1 Duke 35 29.9% 6.4% 12.0% 3.140 0.0008
2 Louisville 32 30.6% 6.2% 11.1% 3.144 0.0011
3 Gonzaga 33 30.0% 6.0% 11.1% 3.122 0.0008
4 Arizona 34 29.9% 5.9% 9.0% 3.808 0.0002
5 Rhode Island 33 29.1% 5.8% 10.9% 3.053 0.0005
6 Villanova 34 31.1% 5.5% 7.8% 4.153 0.0000
7 Minnesota 33 30.3% 5.5% 11.9% 2.658 0.0050
8 Wichita St 33 30.1% 5.5% 11.6% 2.719 0.0028
9 Morgan St 29 28.0% 5.4% 10.3% 2.822 0.0009
10 St Mary’s CA 32 30.7% 5.1% 9.4% 3.084 0.0011
11 FL Gulf Coast 30 31.0% 4.9% 9.0% 2.999 0.0011
12 Illinois St 32 31.1% 4.7% 7.9% 3.368 0.0003
13 South Carolina 31 29.9% 4.6% 15.8% 1.627 0.0496
14 Virginia 32 31.6% 4.6% 12.2% 2.146 0.0169
15 Winthrop 30 31.2% 4.6% 10.8% 2.323 0.0092
16 Nevada 34 30.5% 4.4% 10.6% 2.428 0.0072
17 New Mexico St 30 29.8% 4.2% 11.7% 1.975 0.0224
18 New Orleans 28 30.8% 4.2% 8.6% 2.591 0.0040
19 BYU 33 32.2% 4.1% 11.2% 2.111 0.0182
20 Florida 32 30.8% 4.1% 10.0% 2.319 0.0065
21 Baylor 31 31.6% 4.0% 9.9% 2.251 0.0123
22 Furman 30 31.5% 4.0% 9.2% 2.377 0.0070
23 Robert Morris 33 30.4% 3.9% 11.7% 1.928 0.0241
24 NC Central 30 29.2% 3.9% 12.0% 1.770 0.0382
25 Colorado St 32 31.1% 3.9% 11.4% 1.918 0.0327
267 Marquette 31 37.0% -1.9% 11.9% -0.885 0.8154

 

Table III – Ranked by strongest statistical significance

Rank Team Games OppAvg Diff Stdev T-stat P-value
1 Villanova 34 31.1% 5.5% 7.8% 4.153 0.0000
2 Arizona 34 29.9% 5.9% 9.0% 3.808 0.0002
3 Illinois St 32 31.1% 4.7% 7.9% 3.368 0.0003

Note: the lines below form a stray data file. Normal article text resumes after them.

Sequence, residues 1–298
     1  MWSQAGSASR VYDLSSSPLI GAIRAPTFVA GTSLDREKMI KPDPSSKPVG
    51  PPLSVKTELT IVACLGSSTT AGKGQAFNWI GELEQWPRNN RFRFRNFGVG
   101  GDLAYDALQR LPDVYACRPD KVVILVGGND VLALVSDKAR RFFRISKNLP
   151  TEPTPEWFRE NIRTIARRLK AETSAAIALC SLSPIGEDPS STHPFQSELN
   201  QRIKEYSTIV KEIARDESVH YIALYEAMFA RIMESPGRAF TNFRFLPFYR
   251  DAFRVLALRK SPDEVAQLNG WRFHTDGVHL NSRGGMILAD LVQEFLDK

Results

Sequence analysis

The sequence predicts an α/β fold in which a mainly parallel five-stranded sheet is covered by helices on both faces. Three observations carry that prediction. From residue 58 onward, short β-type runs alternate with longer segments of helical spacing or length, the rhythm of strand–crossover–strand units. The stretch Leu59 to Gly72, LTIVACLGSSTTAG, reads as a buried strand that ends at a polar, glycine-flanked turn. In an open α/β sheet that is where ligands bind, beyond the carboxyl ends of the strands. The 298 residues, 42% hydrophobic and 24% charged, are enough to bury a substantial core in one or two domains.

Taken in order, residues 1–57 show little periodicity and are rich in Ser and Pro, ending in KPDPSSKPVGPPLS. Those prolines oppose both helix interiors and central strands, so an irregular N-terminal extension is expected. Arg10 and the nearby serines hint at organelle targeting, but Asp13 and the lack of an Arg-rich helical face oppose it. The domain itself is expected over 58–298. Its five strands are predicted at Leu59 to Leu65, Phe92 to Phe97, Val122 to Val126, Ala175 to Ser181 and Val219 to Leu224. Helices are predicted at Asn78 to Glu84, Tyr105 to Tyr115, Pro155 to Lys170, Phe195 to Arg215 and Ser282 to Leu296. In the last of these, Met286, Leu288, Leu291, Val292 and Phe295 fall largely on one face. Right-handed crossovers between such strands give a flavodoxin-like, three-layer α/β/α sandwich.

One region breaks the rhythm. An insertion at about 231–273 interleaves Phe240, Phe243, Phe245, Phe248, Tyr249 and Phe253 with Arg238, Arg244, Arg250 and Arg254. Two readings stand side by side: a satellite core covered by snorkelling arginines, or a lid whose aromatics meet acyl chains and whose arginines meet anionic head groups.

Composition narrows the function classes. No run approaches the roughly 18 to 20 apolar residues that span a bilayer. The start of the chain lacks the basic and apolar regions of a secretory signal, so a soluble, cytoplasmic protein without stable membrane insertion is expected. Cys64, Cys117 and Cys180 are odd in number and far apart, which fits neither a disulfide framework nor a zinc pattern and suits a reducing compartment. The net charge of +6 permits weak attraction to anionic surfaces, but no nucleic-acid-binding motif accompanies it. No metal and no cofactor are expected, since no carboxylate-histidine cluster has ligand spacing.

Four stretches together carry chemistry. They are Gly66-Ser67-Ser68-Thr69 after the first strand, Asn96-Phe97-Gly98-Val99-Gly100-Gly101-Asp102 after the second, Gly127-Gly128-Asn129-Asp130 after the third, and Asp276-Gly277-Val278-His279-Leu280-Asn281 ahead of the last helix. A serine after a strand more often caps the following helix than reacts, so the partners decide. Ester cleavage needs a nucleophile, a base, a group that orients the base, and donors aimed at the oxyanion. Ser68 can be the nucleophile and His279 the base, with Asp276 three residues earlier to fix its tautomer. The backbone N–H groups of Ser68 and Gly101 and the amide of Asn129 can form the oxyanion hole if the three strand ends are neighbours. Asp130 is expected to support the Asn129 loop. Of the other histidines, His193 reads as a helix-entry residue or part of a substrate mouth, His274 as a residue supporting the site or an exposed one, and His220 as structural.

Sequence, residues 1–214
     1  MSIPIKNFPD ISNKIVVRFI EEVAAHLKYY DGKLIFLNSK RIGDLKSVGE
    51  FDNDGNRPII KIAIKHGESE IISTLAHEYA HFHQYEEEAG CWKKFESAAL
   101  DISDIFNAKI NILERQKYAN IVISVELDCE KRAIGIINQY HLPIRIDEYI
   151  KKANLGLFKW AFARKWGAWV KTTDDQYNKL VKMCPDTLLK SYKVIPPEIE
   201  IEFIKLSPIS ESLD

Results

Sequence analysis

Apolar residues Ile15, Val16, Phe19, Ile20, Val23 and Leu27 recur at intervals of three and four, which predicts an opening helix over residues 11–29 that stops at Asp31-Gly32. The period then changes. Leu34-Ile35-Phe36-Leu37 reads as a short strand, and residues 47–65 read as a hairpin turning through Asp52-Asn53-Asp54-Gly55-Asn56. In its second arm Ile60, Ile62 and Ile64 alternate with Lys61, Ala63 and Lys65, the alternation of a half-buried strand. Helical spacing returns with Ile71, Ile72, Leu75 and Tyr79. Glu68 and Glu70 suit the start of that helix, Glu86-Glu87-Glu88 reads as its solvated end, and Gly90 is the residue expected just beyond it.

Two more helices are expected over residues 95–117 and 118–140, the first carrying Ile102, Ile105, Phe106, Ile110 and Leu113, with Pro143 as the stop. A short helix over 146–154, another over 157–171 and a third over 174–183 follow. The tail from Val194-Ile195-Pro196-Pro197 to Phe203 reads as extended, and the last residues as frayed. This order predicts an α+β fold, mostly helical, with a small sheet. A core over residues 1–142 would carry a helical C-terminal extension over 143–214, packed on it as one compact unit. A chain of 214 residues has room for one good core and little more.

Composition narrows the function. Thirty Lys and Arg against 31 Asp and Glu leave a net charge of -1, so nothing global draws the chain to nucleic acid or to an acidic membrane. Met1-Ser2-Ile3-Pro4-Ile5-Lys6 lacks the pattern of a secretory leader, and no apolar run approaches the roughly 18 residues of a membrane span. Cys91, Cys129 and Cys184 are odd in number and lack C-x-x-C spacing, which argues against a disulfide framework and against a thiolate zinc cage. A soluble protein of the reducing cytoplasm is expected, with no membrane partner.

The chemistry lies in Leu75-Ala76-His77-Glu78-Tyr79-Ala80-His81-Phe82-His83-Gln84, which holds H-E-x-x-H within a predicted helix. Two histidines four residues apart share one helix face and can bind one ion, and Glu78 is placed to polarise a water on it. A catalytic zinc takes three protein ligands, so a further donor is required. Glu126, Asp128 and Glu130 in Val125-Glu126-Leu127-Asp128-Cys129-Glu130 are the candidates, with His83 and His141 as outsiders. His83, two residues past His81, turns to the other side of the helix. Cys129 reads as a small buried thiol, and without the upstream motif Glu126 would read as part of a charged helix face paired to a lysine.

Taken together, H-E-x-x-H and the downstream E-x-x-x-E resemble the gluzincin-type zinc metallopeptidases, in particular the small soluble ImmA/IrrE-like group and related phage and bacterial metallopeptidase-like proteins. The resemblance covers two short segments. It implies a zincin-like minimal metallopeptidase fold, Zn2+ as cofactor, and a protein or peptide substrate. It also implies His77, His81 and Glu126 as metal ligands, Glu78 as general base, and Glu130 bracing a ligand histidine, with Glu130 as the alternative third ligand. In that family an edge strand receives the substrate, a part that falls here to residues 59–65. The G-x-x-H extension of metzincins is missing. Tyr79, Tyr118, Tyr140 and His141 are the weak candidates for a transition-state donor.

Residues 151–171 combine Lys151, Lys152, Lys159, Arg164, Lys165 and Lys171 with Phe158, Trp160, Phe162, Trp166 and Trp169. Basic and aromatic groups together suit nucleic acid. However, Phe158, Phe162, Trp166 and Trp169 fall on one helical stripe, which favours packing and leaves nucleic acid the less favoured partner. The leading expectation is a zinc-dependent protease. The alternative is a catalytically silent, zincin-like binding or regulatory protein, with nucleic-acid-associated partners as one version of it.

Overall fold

4 Louisville 32 30.6% 6.2% 11.1% 3.144 0.0011
5 Duke 35 29.9% 6.4% 12.0% 3.140 0.0008
6 Gonzaga 33 30.0% 6.0% 11.1% 3.122 0.0008
7 St Mary’s CA 32 30.7% 5.1% 9.4% 3.084 0.0011
8 Rhode Island 33 29.1% 5.8% 10.9% 3.053 0.0005
9 FL Gulf Coast 30 31.0% 4.9% 9.0% 2.999 0.0011
10 Morgan St 29 28.0% 5.4% 10.3% 2.822 0.0009
11 Wichita St 33 30.1% 5.5% 11.6% 2.719 0.0028
12 Minnesota 33 30.3% 5.5% 11.9% 2.658 0.0050
13 New Orleans 28 30.8% 4.2% 8.6% 2.591 0.0040
14 Col Charleston 33 30.7% 3.8% 9.0% 2.444 0.0048
15 Nevada 34 30.5% 4.4% 10.6% 2.428 0.0072
16 Furman 30 31.5% 4.0% 9.2% 2.377 0.0070
17 Winthrop 30 31.2% 4.6% 10.8% 2.323 0.0092
18 Florida 32 30.8% 4.1% 10.0% 2.319 0.0065
19 Wyoming 30 32.1% 3.0% 7.0% 2.310 0.0096
20 Baylor 31 31.6% 4.0% 9.9% 2.251 0.0123
21 St Peter’s 32 31.9% 3.2% 8.2% 2.221 0.0119
22 Virginia 32 31.6% 4.6% 12.2% 2.146 0.0169
23 BYU 33 32.2% 4.1% 11.2% 2.111 0.0182
24 Oregon 33 31.9% 3.7% 10.2% 2.067 0.0209
25 Texas 33 32.6% 3.8% 10.5% 2.052 0.0206
42 South Carolina 31 29.9% 4.6% 15.8% 1.627 0.0496
266 Marquette 31 37.0% -1.9% 11.9% -0.885 0.8154

 

 

How Many is Too Many?

The other day I saw a brief Twitter thread by one of the editors I follow (she works at Tor). She tweeted about the number of POV characters in a manuscript, and how it becomes difficult for the author to manage them all as the number increases – this is assuming third person limited, though she mentioned third person omniscient as a different issue. As an aside, I’ve never been a fan of the third person omniscient head-hopping style. Kids, don’t write this kind of perspective. Just say no.